Marcatto and other civil society organizations are now targeting Mercosur, a regional trade agreement that includes most of South America. Currently, Mercosur is completely focused on commercial issues. "The idea is to pressure Mercosur countries to discuss hunger more seriously, said Marcatto. "We want Mercosur to be a policy space to support efforts to address hunger regionally—including reserves and support for small-scale farmers."

Ian McCreary, a former member of the Canadian Wheat Board and now with the Canadian Foodgrains Bank, relayed the history of the international wheat agreement, which was launched at the end of World War II and included 47 countries. While there were certainly bumps, the agreement was largely successful until it was finally broken in 1969. McCreary said the wheat agreement offers some important lessons in looking forward, particularly the importance of good governance and accountability. Ultimately, we must ensure that stocks aren't used to punish other countries as the U.S. did in the mid-1980s when it released its wheat stocks onto the global market and devastated other wheat producers around the world, according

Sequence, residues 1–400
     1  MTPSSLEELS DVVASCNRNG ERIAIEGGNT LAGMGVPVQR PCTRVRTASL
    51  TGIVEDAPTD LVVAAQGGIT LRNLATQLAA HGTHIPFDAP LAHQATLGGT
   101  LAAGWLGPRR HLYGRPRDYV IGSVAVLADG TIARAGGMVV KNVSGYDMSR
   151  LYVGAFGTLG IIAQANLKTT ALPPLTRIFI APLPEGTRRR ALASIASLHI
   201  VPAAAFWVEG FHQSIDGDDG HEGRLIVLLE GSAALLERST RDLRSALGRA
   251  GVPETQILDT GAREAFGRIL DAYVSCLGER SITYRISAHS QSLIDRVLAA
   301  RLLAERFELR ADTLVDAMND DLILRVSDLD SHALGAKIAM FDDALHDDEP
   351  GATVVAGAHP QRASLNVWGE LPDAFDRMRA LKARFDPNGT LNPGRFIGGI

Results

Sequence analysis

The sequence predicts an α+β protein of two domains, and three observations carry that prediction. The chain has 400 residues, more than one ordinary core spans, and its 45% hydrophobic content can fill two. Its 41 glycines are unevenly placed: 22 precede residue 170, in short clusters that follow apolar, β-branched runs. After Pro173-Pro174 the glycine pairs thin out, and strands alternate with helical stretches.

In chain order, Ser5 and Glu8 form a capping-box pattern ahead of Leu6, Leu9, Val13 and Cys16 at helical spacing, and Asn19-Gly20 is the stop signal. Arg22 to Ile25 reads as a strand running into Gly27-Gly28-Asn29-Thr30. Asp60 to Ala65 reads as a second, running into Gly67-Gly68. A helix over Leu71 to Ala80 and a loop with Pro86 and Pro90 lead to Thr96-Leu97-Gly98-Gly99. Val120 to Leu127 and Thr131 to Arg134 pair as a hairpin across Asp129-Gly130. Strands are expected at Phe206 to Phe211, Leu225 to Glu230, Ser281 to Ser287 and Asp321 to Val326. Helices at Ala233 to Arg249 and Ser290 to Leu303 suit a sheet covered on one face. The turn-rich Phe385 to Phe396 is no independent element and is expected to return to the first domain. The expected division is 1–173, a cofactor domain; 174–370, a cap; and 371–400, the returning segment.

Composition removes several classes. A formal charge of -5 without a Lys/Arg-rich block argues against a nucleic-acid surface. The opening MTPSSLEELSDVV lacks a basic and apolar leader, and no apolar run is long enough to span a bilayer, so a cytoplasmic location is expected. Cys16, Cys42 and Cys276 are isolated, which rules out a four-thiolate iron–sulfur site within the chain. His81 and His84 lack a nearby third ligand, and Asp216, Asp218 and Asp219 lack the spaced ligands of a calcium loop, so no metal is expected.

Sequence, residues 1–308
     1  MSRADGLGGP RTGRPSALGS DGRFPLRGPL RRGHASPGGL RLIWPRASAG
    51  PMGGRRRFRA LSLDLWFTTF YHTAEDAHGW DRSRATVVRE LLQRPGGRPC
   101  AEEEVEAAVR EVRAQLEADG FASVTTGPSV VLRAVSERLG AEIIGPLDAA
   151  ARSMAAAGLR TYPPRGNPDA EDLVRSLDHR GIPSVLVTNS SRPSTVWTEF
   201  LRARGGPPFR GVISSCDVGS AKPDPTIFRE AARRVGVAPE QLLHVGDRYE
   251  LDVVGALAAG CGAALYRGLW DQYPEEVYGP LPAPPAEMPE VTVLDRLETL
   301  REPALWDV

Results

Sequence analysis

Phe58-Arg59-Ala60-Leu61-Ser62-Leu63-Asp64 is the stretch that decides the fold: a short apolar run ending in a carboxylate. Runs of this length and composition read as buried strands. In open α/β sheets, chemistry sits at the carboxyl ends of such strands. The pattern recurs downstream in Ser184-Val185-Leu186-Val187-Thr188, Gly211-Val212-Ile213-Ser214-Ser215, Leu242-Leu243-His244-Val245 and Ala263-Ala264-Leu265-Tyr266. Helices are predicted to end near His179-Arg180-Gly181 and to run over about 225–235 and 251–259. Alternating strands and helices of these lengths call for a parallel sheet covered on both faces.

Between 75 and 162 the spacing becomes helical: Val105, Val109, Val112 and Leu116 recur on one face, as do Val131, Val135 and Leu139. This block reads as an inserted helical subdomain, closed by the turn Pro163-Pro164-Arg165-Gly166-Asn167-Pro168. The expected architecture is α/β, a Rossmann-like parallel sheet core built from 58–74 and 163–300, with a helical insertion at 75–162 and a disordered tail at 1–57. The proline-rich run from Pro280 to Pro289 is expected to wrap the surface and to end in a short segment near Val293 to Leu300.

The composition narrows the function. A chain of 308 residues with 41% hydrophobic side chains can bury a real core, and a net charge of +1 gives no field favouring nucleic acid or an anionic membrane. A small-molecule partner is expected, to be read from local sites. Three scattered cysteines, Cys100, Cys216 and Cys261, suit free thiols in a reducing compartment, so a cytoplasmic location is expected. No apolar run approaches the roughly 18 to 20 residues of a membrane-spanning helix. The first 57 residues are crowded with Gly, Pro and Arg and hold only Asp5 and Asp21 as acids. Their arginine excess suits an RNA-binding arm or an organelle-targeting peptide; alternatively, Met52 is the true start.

to McCreary.

McCreary had three recommendations for food reserves moving forward: 1) they should be commodity-specific; 2) they should be nation- and region-specific, and governance must be strong in those areas; and 3) there needs to be international disciplines to ensure that hardships are not externalized on other countries.

"We have to have a mixture of intervention engaged not as a cleanup factor, but to take the rough edges out of the marketplace. The process of reserves fits within that context," said McCreary. 

Saliou Sarr, of the West African Farmers' Network (ROPPA), sees food reserves in an entirely different context. ROPPA is a network of 16 countries. His region's challenge is to increase their own food production to feed their people, and reduce their dependency on aid from other countries. Sarr pointed to a confluence of factors contributing to hunger in the region, including: the lowering of food stocks in the U.S., Europe and China; structural adjustment programs pushed by the World Bank that discouraged public investment in agriculture; and limitations on the use of tariff protections imposed by the World Trade Organization.